In our previous blogs, we discussed what is adaptive authentication , the need for adaptive two factor authentication, and how it works. With all the talk about adaptive authentication security and adaptability, adaptive authentication security layer proves to be a formidable. But, does it benefit organizations in reducing the number of attacks? Is it worth adding another complex technology to intricate security measures that are already in practice? What are the advantages of adaptive authentication?
Using Risk Profiles
Each end-user has a risk profile. This risk profile is compiled through machine learning. The adaptive authentication security algorithm learns from the end-users habits and behaviors, time of login, location history, IP address of the login request, and many more factors. The number of factors that are evaluated or analyzed depends on the needs of the organization. They can be tailored to fit the tolerance of the end-user or the regulatory requirements. These risk profiles are used as a standard while evaluating a user’s login, and they’re updated with each login attempt.
Using Risk Scores for Authentication
Adaptive authentication security algorithms use risk scores generated from the evaluation of variables and factors associated with a login. The factors used in generating risk scores may vary depending on the service provider. Each risk score is weighed against the user’s risk profile by the risk engine. The policy management server uses the outcomes of the evaluation to decide the course of action to be taken. Based on the results and security risks accompanying the login attempt, it may take any of the three actions:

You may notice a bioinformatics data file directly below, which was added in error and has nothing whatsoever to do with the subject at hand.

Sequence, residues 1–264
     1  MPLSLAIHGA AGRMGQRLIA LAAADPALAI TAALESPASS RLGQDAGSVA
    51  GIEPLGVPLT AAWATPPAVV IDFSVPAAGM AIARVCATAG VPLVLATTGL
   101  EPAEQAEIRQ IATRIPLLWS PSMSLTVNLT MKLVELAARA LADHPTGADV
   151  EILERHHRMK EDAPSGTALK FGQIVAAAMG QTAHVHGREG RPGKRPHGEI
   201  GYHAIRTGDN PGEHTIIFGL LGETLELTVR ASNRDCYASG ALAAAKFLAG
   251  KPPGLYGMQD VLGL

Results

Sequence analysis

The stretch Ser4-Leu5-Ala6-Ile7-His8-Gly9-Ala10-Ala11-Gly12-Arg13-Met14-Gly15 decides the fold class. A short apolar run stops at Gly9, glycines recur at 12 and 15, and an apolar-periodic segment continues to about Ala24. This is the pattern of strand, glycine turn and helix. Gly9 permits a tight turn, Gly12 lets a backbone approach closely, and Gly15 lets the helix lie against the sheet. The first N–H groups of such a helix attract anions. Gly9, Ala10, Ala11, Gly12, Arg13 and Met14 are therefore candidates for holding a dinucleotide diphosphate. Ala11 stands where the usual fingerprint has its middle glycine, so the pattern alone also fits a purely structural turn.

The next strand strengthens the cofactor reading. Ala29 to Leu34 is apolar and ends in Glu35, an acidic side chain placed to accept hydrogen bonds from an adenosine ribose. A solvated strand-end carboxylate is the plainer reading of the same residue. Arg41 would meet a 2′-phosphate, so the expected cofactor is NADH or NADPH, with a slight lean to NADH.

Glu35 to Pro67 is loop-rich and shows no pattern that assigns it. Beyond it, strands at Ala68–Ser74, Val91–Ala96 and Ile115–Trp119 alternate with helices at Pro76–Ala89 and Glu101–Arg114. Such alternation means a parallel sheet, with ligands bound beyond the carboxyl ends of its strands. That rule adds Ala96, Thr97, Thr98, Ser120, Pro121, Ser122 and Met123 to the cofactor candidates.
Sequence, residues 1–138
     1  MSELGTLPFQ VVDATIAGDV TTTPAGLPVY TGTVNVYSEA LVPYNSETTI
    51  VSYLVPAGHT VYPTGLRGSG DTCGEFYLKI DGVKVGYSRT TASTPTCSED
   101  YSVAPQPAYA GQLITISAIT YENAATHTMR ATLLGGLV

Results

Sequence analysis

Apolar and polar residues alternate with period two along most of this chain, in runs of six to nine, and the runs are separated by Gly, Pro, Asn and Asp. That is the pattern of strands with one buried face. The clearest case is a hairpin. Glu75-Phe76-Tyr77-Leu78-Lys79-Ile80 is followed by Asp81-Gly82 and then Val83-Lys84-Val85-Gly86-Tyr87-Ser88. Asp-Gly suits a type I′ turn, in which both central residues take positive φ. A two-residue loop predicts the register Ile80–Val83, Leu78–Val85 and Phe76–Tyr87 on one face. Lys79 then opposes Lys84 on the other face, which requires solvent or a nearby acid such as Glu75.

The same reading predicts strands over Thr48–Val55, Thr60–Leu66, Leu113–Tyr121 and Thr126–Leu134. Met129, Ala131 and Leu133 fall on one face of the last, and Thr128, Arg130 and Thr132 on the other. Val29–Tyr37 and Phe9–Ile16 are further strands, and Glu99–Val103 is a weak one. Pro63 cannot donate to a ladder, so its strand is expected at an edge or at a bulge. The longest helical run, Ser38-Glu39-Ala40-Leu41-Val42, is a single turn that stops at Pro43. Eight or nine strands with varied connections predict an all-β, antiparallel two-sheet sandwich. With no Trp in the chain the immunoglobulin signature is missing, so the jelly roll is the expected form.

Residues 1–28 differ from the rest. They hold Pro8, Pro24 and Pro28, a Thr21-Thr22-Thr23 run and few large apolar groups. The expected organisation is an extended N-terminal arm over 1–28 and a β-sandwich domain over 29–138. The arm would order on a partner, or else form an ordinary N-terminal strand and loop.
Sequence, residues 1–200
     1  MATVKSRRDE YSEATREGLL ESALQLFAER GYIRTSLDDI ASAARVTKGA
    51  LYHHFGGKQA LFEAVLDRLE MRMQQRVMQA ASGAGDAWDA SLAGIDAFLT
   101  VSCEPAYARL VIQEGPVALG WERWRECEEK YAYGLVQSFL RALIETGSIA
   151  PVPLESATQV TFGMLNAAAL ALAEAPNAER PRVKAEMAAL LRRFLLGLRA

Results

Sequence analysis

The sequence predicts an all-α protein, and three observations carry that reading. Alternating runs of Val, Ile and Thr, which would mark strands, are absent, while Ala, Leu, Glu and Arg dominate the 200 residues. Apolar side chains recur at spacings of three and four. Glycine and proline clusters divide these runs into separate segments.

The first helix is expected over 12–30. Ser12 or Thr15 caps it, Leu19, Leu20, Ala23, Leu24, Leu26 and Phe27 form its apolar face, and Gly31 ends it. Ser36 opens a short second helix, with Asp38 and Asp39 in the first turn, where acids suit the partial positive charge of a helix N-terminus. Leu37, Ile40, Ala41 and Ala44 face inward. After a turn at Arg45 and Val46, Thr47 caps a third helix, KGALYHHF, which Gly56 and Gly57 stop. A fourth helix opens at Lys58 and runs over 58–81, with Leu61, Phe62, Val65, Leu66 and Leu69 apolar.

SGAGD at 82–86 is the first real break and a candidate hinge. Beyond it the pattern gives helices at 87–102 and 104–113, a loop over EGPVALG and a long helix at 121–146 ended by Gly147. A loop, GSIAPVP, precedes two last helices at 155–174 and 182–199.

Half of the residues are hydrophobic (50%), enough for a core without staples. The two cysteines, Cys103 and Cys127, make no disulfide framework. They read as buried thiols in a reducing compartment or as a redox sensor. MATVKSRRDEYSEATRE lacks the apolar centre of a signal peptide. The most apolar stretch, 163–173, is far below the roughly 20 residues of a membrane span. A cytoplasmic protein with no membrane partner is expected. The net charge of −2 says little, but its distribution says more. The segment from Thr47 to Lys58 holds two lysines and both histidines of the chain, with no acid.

- Step-up authentication for a high-risk login: employ additional authentication on the login request, ask the end-user to authenticate further, e.g. if the attempt originated from an unknown device or location
- Step-down authentication for low-risk requests: allow the user to bypass any additional authentication, e.g. if the attempt was made from a registered device from the same location and time it is always accessed from
- Deny login for critical requests: for login requests that have extremely high security risks, the adaptive authentication security service may deny the login request altogether to keep the account safe. E.g. if the login request originates from a malicious IP, or from a location that is quite impossible for the owner to be present at, the login request may be denied or put to further scrutiny
Advantages of Adaptive Authentication towards Security and Usability
Apart from its typical use, based on the risk score of the login, end-user’s access to resources may be controlled. Infinite factors can be put towards authentication, and because the evaluation takes place on the authentication server, there is no loss of resources or time on the user’s end. The risk score can be further used to limit access to information and resources available to the end-user for that specific login. The major benefit of adaptive authentication is that a single algorithm can be used to fulfill the security requirements of a large number of users and organizations.
Once adaptive authentication security is employed on a login server and the risk factors are defined for the login, the need to monitor or control logins and access to resources is greatly diminished. Adaptive authentication algorithms can learn both through supervised and unsupervised learning. A strong adaptive algorithm will deliver a foolproof security to the login process.
A single factor of authentication cannot fit all users and provide the same level of security for each of them. Adding more factors in a multi factor authentication process increases the friction and complexity of the entire system. Only through tailoring and modifying the authentication factors for each user can a balance between security and usability be maintained and adaptive authentication does a good job at delivering both.